Commentary by Barry Rascovar
It was a disappointment to liberal opinionators but the 2014 General Assembly proved surprisingly cautious and balanced in moving Maryland decidedly to the political left during its 90-day session that ended April 7.
Gov. Martin OMalley, barely containing his national ambitions, took a hard-left turn in his legislative agenda. It was aimed at impressing liberal Democratic interest groups across the country.
But House Speaker Mike Busch and Senate President Mike Miller wisely slowed the OMalley Express and made sure Maryland didnt get too far out in front of Democrats march to the far left.
Time and again, leaders in the House and Senate put a damper on overly ambitious liberal Democratic proposals. Here are a few examples:
Minimum Wage. Yes, OMalley is bragging that Maryland is leading the nation by passing a $10.10 minimum wage. But read the fine print.
The first wage boost next January is only seventy-five cents an hour. It wont be till mid-2018 over five years from now when Maryland reaches OMalleys Nirvana, that $10.10 threshold.
This cautious approach is dictated by legitimate concerns that a rapid, 39 percent wage boost will hurt many small businesses and retail chains and could lead to layoffs, store closings or cutbacks in work hours.
Weakening the Bill
The final bill also exempts certain employers, adds a lower, trainee category, contains no automatic annual inflation boost and denies higher wages to tipped workers.
OMalley can brag all he wants, yet the final version is a far cry from what he proposed. The new law does provide higher baseline wages for low-income workers, but it takes a decidedly conservative approach getting there.
Dog Bites. Yes, lawmakers finally found comity on reversing a dreadfully misguided ruling by the states Court of Appeals that called one breed of dog, pit bulls (though its not really a breed) inherently dangerous.
Pit bull owners arent off the hook, though. Lawmakers added language making any and all dog owners legally responsible if their pet bites someone. That thoughtful, moderate step levels the field and strikes a blow for individual responsibility when good dogs do bad things.
Decriminalizing Marijuana Possession. This move is being hailed as the first step toward fully legalizing marijuana. In truth, lawmakers arent opening the floodgates.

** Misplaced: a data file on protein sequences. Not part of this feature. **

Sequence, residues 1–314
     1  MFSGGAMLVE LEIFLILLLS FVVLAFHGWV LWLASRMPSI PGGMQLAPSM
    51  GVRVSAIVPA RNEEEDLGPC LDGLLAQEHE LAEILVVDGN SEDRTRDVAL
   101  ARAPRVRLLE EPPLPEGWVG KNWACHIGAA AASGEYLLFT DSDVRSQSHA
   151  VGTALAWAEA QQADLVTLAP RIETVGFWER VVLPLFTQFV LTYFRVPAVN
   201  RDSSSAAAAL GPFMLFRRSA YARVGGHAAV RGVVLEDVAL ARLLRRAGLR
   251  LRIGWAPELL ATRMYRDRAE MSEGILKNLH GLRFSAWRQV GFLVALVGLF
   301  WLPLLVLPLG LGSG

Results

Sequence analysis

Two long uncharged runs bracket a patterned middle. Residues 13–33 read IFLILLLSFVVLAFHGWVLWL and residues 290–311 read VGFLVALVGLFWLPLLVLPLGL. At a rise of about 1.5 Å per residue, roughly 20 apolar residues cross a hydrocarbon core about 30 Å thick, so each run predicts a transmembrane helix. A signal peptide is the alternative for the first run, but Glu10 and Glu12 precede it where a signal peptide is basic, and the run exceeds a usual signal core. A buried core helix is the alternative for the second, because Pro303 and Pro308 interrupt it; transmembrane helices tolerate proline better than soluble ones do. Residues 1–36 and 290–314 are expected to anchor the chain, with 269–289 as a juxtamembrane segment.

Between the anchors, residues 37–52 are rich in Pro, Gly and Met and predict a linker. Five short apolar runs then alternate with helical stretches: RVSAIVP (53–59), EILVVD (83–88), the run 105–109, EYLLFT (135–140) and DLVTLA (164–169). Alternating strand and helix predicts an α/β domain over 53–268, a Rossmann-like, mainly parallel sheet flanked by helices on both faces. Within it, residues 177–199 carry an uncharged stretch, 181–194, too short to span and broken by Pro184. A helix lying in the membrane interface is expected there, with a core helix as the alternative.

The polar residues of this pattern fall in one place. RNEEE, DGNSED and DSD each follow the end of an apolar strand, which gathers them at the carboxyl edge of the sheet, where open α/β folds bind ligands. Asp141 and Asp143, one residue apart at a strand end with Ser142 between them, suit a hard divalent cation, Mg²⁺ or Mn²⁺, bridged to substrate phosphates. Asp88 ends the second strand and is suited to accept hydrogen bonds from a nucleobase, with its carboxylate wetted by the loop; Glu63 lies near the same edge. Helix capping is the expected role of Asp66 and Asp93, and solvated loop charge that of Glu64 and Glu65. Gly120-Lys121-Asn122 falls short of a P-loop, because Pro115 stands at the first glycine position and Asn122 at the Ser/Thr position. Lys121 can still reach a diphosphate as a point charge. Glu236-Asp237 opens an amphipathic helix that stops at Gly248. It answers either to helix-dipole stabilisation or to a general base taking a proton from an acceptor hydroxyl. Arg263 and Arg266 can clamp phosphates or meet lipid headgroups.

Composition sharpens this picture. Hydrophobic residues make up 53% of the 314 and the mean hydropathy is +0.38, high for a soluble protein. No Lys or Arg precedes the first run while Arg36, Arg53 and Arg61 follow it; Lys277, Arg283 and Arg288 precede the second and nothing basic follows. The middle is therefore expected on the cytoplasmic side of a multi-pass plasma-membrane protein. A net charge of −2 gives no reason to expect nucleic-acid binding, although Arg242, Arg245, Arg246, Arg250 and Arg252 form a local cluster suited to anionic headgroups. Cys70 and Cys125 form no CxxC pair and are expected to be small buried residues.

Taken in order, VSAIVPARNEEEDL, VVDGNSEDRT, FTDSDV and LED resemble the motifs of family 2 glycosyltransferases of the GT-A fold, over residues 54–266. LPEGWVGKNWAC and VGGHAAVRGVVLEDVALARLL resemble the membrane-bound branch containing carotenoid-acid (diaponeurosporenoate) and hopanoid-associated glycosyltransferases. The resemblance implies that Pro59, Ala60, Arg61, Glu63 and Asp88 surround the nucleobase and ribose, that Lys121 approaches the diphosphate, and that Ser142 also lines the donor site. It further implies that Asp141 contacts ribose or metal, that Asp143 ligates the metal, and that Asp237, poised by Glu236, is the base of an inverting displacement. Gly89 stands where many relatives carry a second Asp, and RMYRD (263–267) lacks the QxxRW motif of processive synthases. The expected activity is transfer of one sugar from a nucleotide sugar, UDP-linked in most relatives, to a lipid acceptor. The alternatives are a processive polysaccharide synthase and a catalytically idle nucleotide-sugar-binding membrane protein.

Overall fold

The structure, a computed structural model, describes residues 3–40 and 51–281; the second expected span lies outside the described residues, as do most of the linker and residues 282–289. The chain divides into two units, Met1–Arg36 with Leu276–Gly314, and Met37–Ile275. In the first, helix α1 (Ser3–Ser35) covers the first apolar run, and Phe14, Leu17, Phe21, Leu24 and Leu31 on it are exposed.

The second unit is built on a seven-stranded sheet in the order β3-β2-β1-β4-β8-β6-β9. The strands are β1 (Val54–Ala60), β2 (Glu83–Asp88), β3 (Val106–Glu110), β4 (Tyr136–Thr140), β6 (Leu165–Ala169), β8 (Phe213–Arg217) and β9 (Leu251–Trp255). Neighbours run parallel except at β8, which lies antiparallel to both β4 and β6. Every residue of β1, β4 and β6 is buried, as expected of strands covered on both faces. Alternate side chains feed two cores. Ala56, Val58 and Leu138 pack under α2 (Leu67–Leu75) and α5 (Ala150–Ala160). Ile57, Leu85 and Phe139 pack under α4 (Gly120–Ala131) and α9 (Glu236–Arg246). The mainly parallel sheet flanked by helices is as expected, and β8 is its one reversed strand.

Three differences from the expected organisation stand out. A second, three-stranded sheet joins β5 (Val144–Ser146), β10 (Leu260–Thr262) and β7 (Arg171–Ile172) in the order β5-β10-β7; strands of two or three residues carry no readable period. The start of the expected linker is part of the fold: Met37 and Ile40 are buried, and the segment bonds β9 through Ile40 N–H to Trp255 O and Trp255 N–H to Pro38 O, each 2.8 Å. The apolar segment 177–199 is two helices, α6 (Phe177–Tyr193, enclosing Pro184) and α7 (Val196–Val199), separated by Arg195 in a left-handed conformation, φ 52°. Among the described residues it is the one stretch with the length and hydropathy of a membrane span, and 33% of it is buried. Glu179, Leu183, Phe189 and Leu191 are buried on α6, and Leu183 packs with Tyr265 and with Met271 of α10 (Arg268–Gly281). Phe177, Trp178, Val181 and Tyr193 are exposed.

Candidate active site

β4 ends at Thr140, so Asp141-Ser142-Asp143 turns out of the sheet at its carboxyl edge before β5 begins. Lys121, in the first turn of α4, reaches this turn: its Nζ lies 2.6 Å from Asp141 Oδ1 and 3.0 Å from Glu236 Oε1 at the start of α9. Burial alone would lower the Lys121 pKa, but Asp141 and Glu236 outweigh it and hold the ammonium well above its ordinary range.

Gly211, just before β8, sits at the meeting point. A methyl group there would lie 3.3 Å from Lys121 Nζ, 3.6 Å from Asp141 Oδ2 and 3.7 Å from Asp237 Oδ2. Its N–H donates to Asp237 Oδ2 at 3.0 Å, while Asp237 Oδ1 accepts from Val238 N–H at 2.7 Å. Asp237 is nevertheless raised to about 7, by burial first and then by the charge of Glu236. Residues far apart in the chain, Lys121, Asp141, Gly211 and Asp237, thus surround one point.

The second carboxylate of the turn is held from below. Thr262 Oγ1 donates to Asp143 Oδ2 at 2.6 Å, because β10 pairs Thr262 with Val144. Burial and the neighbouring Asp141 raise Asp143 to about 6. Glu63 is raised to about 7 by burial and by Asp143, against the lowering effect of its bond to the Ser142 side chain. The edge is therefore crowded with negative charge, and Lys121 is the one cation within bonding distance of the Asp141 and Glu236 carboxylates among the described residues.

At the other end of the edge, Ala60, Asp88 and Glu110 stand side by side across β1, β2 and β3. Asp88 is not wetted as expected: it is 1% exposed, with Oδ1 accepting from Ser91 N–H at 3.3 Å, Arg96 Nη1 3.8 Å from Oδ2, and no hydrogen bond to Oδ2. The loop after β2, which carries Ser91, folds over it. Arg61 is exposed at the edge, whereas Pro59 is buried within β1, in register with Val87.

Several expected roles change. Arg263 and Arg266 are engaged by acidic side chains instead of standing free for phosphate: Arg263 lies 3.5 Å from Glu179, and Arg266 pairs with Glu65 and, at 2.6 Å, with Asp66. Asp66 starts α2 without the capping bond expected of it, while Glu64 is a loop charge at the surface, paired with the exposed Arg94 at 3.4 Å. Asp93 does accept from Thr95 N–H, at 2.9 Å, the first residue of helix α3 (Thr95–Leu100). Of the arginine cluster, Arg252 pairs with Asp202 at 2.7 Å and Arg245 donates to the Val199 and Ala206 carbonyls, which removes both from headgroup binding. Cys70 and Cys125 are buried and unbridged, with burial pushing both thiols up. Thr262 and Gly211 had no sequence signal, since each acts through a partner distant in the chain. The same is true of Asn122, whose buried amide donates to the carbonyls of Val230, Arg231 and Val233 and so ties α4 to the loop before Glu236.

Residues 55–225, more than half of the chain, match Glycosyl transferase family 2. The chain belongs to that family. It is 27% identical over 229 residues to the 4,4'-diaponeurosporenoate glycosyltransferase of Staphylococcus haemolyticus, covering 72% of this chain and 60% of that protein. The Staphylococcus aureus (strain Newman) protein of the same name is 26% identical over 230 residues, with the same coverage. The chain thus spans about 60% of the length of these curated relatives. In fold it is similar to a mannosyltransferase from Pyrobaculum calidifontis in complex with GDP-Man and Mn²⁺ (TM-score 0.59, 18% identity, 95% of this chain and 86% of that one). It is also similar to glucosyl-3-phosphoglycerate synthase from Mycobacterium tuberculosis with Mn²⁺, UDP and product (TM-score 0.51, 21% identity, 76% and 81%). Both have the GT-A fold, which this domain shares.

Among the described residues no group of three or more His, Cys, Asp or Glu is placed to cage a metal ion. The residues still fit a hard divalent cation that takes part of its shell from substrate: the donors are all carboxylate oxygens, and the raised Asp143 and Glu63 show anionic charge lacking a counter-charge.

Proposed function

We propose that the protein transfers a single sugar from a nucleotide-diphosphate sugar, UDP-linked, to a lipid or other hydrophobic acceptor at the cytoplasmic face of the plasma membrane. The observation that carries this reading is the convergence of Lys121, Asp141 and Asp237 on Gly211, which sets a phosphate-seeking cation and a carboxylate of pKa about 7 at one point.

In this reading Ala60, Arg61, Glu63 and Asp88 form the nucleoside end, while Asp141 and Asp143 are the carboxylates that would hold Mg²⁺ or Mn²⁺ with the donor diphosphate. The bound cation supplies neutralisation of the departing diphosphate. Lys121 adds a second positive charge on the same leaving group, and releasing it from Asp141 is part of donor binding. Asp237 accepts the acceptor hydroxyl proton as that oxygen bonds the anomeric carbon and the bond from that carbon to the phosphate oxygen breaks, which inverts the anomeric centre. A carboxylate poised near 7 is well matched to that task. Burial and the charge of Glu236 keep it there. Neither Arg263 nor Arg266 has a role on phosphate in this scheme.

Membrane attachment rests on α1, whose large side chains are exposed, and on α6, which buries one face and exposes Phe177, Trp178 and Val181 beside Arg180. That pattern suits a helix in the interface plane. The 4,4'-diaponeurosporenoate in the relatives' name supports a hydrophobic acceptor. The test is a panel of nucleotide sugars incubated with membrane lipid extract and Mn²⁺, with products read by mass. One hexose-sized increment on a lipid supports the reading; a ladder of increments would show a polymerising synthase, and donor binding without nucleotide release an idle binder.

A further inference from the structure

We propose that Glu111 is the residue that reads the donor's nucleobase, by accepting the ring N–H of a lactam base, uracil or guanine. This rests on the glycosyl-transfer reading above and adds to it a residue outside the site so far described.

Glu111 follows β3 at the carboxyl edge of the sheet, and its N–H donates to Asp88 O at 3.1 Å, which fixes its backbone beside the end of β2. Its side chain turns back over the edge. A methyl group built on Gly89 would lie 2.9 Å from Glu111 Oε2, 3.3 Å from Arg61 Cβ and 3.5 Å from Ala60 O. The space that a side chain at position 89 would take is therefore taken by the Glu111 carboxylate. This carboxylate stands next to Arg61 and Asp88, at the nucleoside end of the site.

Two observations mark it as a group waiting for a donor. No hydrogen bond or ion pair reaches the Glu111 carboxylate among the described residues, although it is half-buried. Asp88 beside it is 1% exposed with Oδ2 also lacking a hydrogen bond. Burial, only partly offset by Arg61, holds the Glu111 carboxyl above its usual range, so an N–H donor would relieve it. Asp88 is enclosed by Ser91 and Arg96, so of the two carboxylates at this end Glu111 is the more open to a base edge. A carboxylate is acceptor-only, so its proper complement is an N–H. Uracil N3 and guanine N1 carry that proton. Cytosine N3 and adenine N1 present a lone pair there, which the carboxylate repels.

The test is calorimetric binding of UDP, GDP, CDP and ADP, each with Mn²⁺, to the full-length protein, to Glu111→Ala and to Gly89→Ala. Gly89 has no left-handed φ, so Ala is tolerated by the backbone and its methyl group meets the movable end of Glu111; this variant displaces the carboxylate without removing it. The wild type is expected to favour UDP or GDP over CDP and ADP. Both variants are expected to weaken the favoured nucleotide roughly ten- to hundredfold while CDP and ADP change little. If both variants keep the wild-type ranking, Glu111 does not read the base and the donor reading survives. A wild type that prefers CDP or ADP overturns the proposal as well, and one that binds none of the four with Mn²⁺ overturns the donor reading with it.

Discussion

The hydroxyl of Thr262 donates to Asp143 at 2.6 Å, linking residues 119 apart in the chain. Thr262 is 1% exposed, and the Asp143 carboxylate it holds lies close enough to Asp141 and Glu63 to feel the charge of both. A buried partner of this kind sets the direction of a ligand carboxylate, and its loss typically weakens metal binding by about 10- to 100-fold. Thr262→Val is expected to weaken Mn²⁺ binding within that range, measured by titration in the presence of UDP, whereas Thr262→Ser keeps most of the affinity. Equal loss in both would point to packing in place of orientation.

A $100 fine for a first offense is a hefty price to pay for getting caught with pot. A $250 fine for a second offense will put a crimp in most wallets, and a $500 fine for a third offense comes with possible mandatory drug counseling.
Thats quite a penalty for inhaling this carcinogenic weed.
Perhaps the bill will reduce jail overcrowding in large jurisdictions, as some predict, and allow police to focus on serious criminal offenses. Or it could mean a deluge of new pothead offenders. Were in virgin territory that could well require a re-thinking of this move by the 2015 or 2016 legislature.
Medicinal Pot Smoking
Medical Marijuana. This law could make it easier for seriously ill patients to get relief from their pain, anxiety and/or nausea. Academic medical centers refused to participate in the existing program for fear of endangering their massive federal research grants, so now legislative sponsors are trying a different approach through pre-approved physicians.
But drawing up the rules and regulations will be complicated and could take quite some time to complete at least 18 months. Lawmakers continue their go-slow approach.
Creating a market for marijuana growers could easily spin out of control. Some physicians may abuse the privilege of prescribing this controlled substance. The law may have to be revised yet again in future years to make it effective.
Early School Start
Pre-K Expansion. Yes, Maryland is enlarging its program to give pre-kindergarten education to underprivileged children. Lt. Gov. Anthony Brown is crowing about this grand achievement.
But wait a minute: Only 1,600 kids will be helped under this legislation. Thats a drop in a very large ocean.
At that pace, Brown will be collecting Social Security before all the needy kids in Maryland get into this worthwhile program. His claims of a great step forward ring hollow.
Shrinking the Death Tax
Estate Tax Reduction. OMalley could still veto this bill to impress ultra-liberal groups that idolize candidates who bash the rich. Keeping this punitive tax on the wealthy would appease the left wing of the party.
Still, theres no denying wealthy Marylanders are moving to Florida and other states that tax but dont punish a persons heirs for inheriting great sums of money.
Both Miller and Busch recognized Maryland was losing many of its best and most committed civic leaders as result of this soak-the-rich policy. They pushed through changes that will make the states estate tax identical to federal limits but only gradually over the next five years.
Senate President Mike Miller
Its a nod to the business community from top lawmakers based on practical realities. Its also a pullback from OMalleys perpetual business-bashing.
All of these measures indicate that the states legislature remains stubbornly moderate in tone, fearful of moving too quickly or too aggressively on social issues. Rarely do Marylands legislative leaders fully embrace the knee-jerk crusade du jour. They keep worrying about the unintended, negative consequences.
Cooler heads prevailed in Annapolis this session. Though the legislature is increasingly dominated by liberal Democrats, its a positive sign that caution remains an integral part of the Maryland General Assemblys DNA.
Barry Rascovar can be reached at brascovar @ hotmail.com. His blog address is